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Minnesota Rubber and Plastics
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Water Control Valve Converted from Brass to Molded Assembly
Cost-Saving Redesign Reduces Material Usage and Energy Consumption
MINNEAPOLIS, Minn.--For one customer of Minnesota Rubber and Plastics, the redesign of a machined brass, water-control valve into a molded assembly, complete with threaded inserts, proved to be a cost-effective way to meet design goals while reducing material usage and energy consumption. Minnesota Rubber and Plastics made it happen by providing a molded valve with precise internal flow paths. The water control valve, a key component in the operation of an updated water softener design, had previously required costly secondary machining to create the complex flow paths.
The application involved a dual-tank, water treatment control valve that provides a continuous supply of softened water from one tank while a second tank is being regenerated. The control valve is critical to reliable water softener function by regulating flow rates for resin regeneration, rinsing, and flushing of the water softener. Measuring 5 x 3-3/4 x 5 inches, the valve services both resin tanks in the water softener.
For Minnesota Rubber and Plastics, the design challenge was to provide a molded water control valve equal to or better than the existing brass water control valve without sacrificing water flow rates; the company also had to meet regulatory requirements for structural performance and water purity. Price targets, material and energy savings, and just-in-time delivery were key requirements of the project.
"We met those design requirements, and more," reported Ted Ahrenholtz, technical support manager with Minnesota Rubber and Plastics. "We knew from the start that we would be able to reduce material usage, weight, and cost. Precision machined brass is expensive and heavy. Machining is slow, requires significant energy consumption, and there's a lot of residual scrap after machining.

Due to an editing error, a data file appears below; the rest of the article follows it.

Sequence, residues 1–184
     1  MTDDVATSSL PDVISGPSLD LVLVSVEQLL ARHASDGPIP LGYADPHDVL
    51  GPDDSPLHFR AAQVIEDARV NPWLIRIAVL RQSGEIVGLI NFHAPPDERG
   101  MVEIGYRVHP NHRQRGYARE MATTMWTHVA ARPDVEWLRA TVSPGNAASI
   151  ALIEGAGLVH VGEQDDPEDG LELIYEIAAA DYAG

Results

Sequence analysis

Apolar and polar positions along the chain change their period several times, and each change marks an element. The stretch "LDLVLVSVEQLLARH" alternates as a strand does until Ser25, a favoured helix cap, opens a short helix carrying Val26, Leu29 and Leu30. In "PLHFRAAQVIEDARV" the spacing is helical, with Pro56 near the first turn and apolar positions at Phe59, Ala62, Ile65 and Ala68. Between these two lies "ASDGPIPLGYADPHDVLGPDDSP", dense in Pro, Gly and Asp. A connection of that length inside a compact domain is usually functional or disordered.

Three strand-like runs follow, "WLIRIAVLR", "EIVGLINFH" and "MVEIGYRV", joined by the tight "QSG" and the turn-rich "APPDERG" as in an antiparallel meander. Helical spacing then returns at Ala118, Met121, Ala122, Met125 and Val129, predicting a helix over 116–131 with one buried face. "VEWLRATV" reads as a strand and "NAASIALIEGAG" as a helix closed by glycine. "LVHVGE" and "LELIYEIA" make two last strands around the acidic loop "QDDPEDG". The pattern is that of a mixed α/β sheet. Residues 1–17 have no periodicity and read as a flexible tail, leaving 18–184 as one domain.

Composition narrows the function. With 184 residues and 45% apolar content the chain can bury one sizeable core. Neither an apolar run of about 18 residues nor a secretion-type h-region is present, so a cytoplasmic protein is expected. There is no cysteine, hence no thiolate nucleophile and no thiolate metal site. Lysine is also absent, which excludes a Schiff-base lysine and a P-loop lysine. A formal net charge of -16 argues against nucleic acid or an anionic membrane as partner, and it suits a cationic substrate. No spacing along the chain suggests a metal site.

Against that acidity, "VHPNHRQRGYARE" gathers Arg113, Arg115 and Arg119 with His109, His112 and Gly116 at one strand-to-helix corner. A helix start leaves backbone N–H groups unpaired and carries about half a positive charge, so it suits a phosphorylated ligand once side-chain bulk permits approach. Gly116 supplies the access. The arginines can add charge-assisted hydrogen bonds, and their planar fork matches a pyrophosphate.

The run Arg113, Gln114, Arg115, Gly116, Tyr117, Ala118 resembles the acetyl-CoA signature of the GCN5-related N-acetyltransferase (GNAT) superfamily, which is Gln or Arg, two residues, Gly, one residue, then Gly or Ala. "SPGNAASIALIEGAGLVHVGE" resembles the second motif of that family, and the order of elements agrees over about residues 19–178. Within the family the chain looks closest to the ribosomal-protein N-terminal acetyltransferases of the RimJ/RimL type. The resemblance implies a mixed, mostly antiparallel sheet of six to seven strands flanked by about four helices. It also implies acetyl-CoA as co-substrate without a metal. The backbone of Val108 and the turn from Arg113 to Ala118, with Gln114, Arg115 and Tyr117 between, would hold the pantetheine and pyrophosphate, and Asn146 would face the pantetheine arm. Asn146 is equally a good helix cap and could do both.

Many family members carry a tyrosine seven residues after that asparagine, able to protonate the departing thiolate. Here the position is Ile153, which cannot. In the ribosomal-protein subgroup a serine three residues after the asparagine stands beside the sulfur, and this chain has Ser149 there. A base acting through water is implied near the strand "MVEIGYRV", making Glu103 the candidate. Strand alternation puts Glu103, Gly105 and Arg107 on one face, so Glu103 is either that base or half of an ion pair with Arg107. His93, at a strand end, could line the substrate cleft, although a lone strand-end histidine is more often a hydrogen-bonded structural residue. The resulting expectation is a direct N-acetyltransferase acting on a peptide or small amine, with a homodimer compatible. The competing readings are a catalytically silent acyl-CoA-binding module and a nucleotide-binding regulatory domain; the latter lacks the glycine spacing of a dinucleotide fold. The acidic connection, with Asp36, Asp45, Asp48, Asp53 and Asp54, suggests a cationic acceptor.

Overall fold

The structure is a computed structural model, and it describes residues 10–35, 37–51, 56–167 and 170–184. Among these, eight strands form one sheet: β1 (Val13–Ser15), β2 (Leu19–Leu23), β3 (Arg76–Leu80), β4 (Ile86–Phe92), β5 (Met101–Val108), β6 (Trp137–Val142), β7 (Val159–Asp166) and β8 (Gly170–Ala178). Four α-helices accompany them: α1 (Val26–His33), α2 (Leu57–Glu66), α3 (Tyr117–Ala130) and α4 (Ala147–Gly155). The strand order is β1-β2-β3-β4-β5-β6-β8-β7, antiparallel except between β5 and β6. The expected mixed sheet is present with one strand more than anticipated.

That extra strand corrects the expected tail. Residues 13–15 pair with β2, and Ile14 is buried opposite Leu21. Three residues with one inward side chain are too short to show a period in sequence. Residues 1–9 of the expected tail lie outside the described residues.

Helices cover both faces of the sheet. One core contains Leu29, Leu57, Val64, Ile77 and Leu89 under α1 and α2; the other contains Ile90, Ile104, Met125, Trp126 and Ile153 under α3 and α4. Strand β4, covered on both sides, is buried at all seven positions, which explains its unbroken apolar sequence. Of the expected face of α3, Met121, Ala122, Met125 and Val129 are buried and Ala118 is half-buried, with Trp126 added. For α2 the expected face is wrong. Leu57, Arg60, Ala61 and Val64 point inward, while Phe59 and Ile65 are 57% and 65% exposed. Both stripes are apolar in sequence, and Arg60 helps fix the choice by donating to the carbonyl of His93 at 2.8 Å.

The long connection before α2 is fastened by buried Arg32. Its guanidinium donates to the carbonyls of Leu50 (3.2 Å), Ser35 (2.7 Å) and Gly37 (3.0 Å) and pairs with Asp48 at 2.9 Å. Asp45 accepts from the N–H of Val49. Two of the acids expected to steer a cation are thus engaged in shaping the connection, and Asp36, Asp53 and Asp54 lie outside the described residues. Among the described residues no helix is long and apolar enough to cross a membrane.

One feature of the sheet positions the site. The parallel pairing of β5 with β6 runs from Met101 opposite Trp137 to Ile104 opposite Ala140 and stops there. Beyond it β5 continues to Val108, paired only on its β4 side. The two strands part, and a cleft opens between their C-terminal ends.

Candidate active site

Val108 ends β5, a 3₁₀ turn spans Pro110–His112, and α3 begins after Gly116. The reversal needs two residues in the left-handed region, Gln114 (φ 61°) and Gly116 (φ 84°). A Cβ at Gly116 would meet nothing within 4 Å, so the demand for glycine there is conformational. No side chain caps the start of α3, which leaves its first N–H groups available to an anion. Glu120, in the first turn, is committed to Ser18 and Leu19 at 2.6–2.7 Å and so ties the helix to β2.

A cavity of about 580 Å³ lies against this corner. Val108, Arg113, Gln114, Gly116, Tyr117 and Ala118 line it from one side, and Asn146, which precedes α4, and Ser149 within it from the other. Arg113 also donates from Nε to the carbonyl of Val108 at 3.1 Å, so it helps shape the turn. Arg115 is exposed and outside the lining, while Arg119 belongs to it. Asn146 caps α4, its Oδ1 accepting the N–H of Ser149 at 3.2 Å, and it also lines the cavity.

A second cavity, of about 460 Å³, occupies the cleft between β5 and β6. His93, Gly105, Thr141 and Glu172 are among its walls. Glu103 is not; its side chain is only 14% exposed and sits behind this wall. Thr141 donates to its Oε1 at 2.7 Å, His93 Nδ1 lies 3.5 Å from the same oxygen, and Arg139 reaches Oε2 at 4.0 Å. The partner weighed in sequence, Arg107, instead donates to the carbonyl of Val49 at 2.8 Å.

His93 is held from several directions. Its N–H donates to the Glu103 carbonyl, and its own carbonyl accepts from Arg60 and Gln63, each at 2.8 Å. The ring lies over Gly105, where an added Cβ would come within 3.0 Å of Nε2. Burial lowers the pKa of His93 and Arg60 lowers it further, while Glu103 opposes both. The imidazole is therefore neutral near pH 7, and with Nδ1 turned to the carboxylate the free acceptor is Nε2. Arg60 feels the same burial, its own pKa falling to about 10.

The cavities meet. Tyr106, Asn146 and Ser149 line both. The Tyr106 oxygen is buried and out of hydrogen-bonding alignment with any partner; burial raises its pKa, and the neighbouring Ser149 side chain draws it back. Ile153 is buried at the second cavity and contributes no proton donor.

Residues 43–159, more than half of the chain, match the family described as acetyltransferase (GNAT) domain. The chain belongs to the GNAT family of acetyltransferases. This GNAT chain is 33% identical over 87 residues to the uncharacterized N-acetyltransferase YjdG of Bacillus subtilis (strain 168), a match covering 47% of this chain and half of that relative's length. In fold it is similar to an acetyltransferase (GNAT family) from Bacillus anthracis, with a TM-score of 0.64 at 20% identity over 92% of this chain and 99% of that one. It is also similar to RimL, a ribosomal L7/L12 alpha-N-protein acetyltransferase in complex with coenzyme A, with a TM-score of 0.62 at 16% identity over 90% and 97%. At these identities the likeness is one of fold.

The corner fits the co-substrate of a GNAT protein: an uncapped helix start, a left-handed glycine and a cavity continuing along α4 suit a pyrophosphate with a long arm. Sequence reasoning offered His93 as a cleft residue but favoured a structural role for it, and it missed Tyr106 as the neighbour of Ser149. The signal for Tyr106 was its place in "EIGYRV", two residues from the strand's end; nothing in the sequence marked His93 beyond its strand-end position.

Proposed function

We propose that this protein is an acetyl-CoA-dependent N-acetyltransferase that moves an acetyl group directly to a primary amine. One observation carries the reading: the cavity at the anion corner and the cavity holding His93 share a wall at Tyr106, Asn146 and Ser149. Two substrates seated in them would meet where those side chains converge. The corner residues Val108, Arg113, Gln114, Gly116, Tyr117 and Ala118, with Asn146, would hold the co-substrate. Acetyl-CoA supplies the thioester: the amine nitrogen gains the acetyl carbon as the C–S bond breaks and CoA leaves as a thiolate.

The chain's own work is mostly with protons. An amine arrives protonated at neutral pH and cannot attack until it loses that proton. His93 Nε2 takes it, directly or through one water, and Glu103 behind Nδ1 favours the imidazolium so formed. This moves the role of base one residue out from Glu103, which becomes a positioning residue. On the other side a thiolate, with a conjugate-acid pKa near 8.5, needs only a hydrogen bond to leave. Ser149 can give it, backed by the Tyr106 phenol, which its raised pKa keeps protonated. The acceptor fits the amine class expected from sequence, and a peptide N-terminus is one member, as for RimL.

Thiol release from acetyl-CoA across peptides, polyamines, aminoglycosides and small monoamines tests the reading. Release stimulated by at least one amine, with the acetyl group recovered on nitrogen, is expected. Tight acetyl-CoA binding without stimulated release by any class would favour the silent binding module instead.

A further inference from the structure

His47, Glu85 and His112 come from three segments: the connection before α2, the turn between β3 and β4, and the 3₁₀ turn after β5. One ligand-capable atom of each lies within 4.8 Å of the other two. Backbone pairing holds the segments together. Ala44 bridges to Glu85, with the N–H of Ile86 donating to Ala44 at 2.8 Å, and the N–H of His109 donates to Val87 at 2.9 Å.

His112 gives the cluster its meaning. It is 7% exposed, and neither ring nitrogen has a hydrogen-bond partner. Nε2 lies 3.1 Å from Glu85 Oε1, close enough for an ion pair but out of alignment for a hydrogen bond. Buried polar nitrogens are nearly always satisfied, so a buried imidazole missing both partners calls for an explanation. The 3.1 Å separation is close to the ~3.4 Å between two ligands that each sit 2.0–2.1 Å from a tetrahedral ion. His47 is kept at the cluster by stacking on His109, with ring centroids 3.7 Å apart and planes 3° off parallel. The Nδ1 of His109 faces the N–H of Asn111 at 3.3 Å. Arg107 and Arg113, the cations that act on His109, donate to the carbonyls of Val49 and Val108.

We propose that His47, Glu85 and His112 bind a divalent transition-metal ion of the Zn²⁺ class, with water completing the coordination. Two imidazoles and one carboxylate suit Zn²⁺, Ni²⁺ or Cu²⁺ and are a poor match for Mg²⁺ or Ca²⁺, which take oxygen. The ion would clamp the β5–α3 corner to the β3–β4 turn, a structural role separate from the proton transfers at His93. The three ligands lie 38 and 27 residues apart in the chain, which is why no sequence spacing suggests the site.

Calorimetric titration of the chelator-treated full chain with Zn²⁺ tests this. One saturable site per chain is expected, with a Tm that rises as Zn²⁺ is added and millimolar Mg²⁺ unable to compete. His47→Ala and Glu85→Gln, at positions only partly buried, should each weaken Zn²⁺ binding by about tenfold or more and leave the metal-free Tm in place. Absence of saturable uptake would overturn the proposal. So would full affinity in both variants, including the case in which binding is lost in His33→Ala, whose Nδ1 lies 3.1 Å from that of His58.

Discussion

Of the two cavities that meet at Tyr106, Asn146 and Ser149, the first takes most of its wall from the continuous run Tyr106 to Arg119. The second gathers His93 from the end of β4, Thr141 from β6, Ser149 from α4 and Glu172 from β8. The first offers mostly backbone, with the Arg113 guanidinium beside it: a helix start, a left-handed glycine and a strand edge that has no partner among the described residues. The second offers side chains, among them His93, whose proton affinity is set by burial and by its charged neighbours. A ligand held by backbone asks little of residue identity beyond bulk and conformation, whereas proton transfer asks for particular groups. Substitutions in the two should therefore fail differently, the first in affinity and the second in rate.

"We began with a list of objectives developed with our customer that included meeting flow requirements, better appearing surface finish, weight and cost reduction, and faster turnaround time," he continued. "We worked together to design an assembly to replace the solid one-piece brass casting using computer aided design (CAD), finite element analysis, and stereo lithograph simulation."
Minnesota Rubber and Plastics has a 50-plus year history of developing sealing solutions for complex applications. For this project, a three-part valve body configuration was developed; the three components were hot-plate welded together.
"Material design for this project was extremely important, not only for function and long operating life, but also to conserve material and energy needed to mold the components," said Ahrenholtz. "We insured that rubber and plastic materials complemented each other's tolerance capabilities and that there was a careful balance between the torque value and contact of the seals. We used thermoplastic injection molding on the three plastic valve body components and transfer molding on the NSF 61-compliant, chloramine-resistant rubber seals and O-rings. Through the use of finite element analysis, the wall thickness was optimized, conserving plastic material while increasing overall valve strength with less weight and reduced total cost."
Advantages of the new water control valve include a 75 percent weight reduction, non-corrosive reinforced thermoplastic body, and identical inlet and outlet plumbing connections as on the brass valve. Leak and pressure testing of each welded valve was also provided prior to shipping.
"By partnering with our customer in a co-designing effort, we were able to design, produce, and help our customer with a high-performance water valve that exceeded expectations using the latest design technology and our many years of sealing experience," Ahrenholtz added. "What's more, by eliminating the brass we eliminated the lead, so the new valve complies with government initiatives to reduce lead."
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